When I finished my first book, I hired a publicist.
I was 25.
It cost $20,000 and was, to that point, the most money I had ever spent in my life.
As part of the scope of work, they had me put together a list of my top twenty or so media targets — –what I thought I had a reasonable shot of getting and what would be good platforms with the book.
Pretty much none of those opportunities happened. It wasn’t the publicist’s fault–they did a good job. It was that I had been preposterously unrealistic. You have these high hopes, you think this is my shot and of course, it turns out that the world has other plans.
You’re going to get everything you want when you want it?
If you really want something, you better be ready to hurry up and wait.
That was especially true for me then, since I was a kid, already getting to publish my first book far earlier than most people get to dream of.
All of this came back to me as I was flying home from New York from the launch of The Daily Dad. I had just done The Daily Show, CBS This Morning, and a daytime talk show in the span of a week. Which meant that 11 years and 14 books later, I was finally making a serious dent in the list that I had made back then. It had sometimes seemed like slow going, but then in the span of just a few days I had crossed off the best and hardest-to-get outlets.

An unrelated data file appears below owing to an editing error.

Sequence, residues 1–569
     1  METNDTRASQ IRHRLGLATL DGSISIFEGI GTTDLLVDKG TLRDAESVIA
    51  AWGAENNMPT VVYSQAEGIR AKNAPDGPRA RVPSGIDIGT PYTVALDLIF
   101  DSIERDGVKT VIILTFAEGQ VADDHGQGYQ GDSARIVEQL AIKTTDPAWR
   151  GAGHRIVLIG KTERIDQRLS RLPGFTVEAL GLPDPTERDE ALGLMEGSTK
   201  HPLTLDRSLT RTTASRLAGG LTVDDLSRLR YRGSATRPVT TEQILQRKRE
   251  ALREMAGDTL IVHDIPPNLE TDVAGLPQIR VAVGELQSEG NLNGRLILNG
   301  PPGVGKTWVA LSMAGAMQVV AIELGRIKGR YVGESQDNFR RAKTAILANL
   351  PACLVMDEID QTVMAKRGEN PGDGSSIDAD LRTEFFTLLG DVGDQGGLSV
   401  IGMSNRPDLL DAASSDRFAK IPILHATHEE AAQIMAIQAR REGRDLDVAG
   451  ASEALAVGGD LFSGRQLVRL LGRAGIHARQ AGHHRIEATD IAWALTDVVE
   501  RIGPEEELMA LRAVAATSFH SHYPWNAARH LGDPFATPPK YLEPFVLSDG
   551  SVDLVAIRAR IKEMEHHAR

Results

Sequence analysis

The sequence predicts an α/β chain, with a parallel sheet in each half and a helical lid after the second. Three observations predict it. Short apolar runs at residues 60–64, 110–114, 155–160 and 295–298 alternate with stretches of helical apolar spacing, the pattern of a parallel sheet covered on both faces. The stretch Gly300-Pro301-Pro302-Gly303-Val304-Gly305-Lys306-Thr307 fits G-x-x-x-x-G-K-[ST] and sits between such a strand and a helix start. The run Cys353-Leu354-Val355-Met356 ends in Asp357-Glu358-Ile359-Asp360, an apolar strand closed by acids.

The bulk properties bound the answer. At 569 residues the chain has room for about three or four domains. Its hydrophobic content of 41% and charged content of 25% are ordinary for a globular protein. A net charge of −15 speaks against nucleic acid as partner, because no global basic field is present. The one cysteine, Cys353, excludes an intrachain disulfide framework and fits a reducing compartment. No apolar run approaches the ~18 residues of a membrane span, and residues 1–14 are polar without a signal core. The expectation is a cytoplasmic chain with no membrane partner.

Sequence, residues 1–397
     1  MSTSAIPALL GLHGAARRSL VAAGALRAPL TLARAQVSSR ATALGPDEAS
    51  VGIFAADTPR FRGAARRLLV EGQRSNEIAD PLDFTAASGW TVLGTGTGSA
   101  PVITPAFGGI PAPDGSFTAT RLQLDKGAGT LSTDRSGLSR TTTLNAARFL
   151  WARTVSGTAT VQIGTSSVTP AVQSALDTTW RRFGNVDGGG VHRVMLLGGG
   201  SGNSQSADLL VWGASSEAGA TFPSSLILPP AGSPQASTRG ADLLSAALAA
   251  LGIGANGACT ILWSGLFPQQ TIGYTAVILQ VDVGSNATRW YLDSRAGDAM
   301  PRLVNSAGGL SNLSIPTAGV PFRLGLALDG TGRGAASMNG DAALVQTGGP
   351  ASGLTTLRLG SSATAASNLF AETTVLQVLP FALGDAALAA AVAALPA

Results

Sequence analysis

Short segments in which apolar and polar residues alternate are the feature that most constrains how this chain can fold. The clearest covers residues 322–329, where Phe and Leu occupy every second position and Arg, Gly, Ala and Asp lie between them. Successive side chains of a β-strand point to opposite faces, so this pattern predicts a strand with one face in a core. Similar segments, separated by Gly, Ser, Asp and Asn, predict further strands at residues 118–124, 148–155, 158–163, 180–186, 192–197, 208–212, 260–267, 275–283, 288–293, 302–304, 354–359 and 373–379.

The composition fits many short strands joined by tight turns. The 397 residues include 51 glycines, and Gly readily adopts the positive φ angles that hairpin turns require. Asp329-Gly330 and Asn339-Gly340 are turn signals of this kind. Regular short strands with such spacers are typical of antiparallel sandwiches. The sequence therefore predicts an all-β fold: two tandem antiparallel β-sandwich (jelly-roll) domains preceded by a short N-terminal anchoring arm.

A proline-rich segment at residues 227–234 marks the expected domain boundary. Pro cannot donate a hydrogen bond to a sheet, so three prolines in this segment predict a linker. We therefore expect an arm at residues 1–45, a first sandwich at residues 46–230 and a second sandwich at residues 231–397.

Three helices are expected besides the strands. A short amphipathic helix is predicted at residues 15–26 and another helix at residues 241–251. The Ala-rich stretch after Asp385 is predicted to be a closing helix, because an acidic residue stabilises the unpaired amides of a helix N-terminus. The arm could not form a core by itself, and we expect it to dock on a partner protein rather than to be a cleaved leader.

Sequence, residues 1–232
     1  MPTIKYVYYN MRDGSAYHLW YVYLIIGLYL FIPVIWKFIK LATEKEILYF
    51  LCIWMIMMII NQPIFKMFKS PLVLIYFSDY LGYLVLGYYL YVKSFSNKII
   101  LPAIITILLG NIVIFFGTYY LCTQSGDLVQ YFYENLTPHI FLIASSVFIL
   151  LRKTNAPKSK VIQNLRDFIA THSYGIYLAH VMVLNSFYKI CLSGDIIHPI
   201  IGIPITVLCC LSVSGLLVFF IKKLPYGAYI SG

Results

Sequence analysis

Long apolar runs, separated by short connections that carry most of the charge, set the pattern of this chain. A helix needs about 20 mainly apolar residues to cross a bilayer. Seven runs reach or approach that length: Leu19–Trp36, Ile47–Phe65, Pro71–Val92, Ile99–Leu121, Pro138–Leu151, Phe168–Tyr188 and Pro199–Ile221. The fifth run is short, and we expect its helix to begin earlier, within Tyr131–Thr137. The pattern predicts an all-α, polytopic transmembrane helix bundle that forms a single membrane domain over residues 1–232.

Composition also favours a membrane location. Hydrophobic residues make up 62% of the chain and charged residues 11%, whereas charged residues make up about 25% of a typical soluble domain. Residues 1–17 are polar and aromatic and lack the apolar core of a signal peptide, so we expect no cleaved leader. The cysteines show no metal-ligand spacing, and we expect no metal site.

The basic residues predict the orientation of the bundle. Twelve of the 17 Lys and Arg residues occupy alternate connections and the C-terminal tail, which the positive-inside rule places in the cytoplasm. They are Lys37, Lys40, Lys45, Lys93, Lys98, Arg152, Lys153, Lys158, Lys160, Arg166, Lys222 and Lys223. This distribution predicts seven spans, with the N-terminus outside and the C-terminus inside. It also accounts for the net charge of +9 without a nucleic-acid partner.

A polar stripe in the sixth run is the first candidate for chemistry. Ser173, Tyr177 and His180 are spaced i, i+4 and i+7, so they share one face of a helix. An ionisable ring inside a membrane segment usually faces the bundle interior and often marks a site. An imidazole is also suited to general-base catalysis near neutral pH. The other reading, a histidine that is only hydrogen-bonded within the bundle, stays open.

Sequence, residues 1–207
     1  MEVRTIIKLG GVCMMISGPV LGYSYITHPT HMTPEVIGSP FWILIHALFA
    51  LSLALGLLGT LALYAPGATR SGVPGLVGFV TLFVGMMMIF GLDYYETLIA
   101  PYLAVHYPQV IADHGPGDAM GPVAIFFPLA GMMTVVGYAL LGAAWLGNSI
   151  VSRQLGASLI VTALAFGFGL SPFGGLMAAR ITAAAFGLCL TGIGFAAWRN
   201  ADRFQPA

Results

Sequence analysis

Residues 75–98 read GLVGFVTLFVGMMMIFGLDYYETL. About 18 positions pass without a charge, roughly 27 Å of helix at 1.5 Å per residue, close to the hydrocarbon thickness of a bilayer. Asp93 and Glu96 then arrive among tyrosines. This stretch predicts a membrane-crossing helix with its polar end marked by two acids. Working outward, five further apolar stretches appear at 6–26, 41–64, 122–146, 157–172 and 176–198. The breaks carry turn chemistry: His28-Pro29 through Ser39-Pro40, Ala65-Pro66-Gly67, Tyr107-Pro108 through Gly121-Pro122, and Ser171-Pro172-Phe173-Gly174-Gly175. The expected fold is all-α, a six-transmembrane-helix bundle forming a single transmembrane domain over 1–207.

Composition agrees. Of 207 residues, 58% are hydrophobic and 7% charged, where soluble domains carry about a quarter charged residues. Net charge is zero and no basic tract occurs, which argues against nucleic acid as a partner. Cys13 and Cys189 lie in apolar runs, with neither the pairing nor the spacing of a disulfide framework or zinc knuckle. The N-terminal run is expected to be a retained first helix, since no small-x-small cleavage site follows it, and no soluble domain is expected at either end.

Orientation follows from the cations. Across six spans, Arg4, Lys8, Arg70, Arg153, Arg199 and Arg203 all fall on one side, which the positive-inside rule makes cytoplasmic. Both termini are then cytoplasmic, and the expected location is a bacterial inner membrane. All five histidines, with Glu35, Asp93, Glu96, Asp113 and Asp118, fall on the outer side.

There is this law called Hofstadter’s Law which says it always takes longer than you think it’s going to take. Even when you think it’s going to take a long time. Even when you take Hofstadter’s Law into account.
I started blogging in 2005. My first book came out in 2012. The Obstacle is the Way came out in 2014…and took six years for it to hit any bestseller list. I didn’t hit the New York Times Bestseller list until 2019, on my 13th book.
If you had told me that’s how long it would have taken, I might have been able to endure it. But Tom Petty was wrong. Waiting is not the hardest part. It’s the not knowing when the waiting is going to end.